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Fathers and Sons Analysis on ending was Turgenev trying to depict the novel as optimistic or pessimistic?

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Fathers and Sons - Analysis on ending - was Turgenev trying to depict the novel as optimistic or pessimistic? I would like to show how the novel, Fathers and Sons is more optimistic than pessimistic, through the way in which nature is often seen to depict hope, or signs of love and romanticism in a good light. The first important part that nature play in the novel is in Nikolai's perspective, after he realises how his son has changed (on page 131) thus leading him back to his old memories. He uses nature as an escape, and it's not pessimistic in any way because Nikolai clearly still knows how to love and appreciate nature, music is one of his great hobbies Mind us that the memories he links nature with are about happiness, beauty, all those sweet memories that he likes to reminisce about. "He would look up into the red sun...sweet memories." ...read more.


This concept clearly seems linked with romanticism to me. Both characters use a scientific interest as an excuse for their mutual feelings. The fight scene between Pavel and Bazarov also starts in a pleasant setting, witht he 'glorious fresh morning' , very unlikely setting for a conflict and we can see later that they develop something other than hatred of each other when Bazarov kindly tries to heal him. His manipulation of Fenichka, and the rose - a romantic symbol - shows that Bazarov could clearly be capable of romance and love if he really loved Fenichka, it's only because his pride was hurt by Anna that he takes this chance to control someone. We can also see that when Bazarov uses nature as an outlet for his emotions of love for Anna, such as going to the forest - you can say a wild version of a garden - or into the hayloft, without being aware that he is acting somewhat romantic. ...read more.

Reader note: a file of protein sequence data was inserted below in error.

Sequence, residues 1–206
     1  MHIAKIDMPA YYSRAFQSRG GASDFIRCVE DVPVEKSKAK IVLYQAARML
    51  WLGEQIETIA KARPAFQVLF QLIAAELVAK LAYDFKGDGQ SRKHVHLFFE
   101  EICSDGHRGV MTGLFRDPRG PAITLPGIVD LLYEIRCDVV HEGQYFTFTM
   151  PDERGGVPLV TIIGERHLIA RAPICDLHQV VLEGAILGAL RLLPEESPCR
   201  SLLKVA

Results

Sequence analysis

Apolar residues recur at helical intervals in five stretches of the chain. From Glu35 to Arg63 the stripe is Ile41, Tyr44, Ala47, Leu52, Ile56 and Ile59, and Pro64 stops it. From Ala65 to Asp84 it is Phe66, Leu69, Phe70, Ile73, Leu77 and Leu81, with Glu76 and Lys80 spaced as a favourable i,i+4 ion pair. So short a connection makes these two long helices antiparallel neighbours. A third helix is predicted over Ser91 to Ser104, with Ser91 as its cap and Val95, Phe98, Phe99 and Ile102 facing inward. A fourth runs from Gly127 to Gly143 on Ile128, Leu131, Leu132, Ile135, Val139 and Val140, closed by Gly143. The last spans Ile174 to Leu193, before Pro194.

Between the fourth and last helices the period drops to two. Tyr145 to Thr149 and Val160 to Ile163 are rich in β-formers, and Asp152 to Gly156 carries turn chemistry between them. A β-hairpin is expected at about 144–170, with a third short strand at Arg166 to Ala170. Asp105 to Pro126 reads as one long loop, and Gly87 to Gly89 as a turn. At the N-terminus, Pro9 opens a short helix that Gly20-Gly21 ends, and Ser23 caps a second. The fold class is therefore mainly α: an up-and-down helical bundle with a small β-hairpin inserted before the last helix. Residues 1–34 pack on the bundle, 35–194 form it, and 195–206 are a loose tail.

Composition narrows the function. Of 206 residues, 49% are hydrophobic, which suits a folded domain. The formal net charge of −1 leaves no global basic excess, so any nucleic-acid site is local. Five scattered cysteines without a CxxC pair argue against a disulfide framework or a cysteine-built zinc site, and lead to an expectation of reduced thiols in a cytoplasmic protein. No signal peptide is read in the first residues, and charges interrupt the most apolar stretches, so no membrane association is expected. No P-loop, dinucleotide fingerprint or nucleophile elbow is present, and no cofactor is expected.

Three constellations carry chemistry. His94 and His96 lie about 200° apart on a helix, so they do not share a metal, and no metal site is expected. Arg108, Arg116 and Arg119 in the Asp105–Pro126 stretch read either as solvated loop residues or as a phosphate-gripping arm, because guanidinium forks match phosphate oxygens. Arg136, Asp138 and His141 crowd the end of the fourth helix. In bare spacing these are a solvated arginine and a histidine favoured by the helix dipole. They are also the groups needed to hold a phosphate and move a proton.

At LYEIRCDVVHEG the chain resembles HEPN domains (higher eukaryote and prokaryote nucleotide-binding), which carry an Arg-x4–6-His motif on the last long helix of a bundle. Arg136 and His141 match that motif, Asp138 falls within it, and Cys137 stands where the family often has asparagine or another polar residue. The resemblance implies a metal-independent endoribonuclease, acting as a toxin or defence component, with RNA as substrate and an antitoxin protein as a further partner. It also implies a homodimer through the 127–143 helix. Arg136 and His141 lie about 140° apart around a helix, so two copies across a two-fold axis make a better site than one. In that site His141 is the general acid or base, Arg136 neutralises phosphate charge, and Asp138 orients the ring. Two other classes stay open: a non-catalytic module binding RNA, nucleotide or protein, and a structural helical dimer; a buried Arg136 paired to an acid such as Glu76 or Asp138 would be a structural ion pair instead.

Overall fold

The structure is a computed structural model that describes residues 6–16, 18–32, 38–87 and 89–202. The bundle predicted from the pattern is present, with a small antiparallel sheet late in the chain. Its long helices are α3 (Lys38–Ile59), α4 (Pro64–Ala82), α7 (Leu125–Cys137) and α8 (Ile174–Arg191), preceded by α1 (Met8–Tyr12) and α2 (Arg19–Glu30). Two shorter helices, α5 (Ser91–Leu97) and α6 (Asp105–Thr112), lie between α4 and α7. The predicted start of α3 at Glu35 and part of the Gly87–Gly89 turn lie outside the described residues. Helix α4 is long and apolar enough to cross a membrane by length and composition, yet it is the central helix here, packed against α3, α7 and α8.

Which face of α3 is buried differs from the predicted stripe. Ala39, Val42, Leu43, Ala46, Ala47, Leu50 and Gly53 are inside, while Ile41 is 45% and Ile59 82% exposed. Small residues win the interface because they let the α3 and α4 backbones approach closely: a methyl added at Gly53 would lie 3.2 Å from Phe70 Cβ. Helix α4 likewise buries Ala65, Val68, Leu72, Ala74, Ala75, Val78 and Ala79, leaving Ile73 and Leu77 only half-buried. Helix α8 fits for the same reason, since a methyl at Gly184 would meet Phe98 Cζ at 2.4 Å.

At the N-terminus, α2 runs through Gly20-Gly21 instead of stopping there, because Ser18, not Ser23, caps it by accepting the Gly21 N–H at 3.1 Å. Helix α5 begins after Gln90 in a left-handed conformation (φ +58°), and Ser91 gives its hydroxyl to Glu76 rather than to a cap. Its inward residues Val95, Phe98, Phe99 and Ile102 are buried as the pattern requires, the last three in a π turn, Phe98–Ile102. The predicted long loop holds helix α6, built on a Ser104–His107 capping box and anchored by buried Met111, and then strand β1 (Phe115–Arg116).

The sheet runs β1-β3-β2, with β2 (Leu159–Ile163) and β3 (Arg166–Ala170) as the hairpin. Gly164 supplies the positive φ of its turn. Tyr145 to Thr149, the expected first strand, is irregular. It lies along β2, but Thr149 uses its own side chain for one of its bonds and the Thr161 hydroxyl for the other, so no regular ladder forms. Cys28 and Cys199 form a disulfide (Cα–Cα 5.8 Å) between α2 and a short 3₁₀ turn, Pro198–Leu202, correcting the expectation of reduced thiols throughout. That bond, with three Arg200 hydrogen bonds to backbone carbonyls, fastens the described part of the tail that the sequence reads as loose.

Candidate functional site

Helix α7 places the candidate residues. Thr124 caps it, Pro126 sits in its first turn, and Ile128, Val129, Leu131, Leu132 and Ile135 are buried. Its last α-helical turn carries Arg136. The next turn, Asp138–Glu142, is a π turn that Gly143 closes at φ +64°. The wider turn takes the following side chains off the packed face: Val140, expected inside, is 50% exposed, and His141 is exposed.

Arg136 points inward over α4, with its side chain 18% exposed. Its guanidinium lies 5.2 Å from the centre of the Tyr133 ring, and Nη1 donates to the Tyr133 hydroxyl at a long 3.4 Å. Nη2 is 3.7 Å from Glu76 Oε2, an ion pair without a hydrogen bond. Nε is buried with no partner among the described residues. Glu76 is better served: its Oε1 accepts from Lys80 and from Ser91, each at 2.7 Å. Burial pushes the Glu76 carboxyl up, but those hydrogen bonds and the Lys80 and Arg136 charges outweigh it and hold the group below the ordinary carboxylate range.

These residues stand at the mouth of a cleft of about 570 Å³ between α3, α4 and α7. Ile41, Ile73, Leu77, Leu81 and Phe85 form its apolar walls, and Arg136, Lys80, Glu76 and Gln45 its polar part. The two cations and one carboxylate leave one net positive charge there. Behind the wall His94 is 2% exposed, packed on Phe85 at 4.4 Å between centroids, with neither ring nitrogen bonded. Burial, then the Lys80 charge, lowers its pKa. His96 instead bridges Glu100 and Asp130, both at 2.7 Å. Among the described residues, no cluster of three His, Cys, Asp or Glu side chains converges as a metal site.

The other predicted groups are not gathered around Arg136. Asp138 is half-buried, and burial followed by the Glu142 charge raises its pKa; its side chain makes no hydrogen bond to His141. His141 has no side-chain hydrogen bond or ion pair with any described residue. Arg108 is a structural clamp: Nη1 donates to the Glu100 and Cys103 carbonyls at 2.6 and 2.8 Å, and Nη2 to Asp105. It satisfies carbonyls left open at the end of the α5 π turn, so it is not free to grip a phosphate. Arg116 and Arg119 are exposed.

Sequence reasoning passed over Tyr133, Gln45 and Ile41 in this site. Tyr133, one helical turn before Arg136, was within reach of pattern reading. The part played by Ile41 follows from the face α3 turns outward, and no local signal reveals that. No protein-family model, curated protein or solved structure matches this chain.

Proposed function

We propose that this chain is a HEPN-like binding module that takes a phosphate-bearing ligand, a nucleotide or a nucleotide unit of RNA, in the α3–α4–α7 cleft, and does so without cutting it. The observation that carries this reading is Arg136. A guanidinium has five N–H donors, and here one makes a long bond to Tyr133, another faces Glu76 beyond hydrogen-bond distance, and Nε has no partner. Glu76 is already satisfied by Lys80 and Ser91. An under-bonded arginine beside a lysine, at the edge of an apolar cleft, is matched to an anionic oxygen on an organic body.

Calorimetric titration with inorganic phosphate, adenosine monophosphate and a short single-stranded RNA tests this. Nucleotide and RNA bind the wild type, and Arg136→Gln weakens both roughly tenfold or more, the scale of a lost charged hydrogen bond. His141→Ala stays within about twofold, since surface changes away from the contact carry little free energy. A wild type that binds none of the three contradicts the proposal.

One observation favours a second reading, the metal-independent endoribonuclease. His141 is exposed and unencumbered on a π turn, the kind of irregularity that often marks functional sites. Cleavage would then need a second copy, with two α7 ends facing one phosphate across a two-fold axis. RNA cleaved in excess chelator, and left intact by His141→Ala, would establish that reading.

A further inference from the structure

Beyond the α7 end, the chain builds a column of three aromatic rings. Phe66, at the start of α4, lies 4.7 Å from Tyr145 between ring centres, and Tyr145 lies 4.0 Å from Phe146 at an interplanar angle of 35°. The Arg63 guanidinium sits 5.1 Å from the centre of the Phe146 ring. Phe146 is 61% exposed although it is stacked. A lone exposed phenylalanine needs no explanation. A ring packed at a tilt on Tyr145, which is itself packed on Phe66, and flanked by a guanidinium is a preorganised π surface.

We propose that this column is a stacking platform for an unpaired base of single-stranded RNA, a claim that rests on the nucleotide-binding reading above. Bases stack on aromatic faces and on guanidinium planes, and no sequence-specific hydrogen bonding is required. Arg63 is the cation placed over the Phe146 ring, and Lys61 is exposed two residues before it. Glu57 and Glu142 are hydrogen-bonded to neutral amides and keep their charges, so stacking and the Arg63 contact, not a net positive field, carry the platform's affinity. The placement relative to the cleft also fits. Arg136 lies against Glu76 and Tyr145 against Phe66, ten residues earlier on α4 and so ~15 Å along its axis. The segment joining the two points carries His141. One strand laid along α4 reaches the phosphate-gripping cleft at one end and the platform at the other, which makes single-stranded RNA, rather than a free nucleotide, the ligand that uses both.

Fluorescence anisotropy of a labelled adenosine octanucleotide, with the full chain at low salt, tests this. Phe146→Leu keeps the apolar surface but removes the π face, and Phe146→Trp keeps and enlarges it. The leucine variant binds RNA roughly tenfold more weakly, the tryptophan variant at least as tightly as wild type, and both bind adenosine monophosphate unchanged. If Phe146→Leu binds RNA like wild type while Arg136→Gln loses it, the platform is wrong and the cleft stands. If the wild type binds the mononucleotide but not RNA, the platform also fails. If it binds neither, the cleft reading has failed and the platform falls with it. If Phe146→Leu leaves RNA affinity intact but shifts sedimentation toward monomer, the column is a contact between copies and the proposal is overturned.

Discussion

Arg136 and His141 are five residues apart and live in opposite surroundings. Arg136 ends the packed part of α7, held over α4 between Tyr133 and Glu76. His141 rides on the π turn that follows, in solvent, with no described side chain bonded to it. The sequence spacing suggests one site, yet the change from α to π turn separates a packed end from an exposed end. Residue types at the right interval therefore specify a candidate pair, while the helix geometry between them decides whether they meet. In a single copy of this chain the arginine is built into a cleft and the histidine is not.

Moreover, if we look at the final part of the novel, we can see how Bazarov's grave is set upon where no 'man molests and nom animals tramples upon, on the birds' perch on it and sign at dawn'. It's quite melancholic and tranquil, definitely not pessimistic, and the young fir trees besides Bazarov can be seen as a symbol of rebirth. More importantly, the last line tells us however sinful and rebellious the heart hidden in the tomb - Bazarov's, there are 'flowers growing over it peep at us" This shows hat even Bazarov can seek peace, and that life goes on as the flowers that grow over it tell us about 'everlasting reconciliation' which is obviously a positive force, and therefore more optimistic than pessimistic. In conclusion, due to the apparent romantic links between the characters as hinted through the use of nature's beauty, and the fact that the central character (Bazarov's) ending does not seem to be so fatal - but rather conveying a sense of serenity suggests that the novel overall is more optimistic than pessimistic. ...read more.

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